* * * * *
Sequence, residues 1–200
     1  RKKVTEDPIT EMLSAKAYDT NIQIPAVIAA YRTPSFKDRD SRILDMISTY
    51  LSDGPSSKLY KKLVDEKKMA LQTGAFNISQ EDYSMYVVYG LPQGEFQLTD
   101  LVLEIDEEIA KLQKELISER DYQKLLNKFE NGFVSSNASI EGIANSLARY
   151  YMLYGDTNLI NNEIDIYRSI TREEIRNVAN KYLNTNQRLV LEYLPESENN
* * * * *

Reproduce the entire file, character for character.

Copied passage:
Sequence, residues 1–200
     1  RKKVTEDPIT EMLSAKAYDT NIQIPAVIAA YRTPSFKDRD SRILDMISTY
    51  LSDGPSSKLY KKLVDEKKMA LQTGAFNISQ EDYSMYVVYG LPQGEFQLTD
   101  LVLEIDEEIA KLQKELISER DYQKLLNKFE NGFVSSNASI EGIANSLARY
   151  YMLYGDTNLI NNEIDIYRSI TREEIRNVAN KYLNTNQRLV LEYLPESENN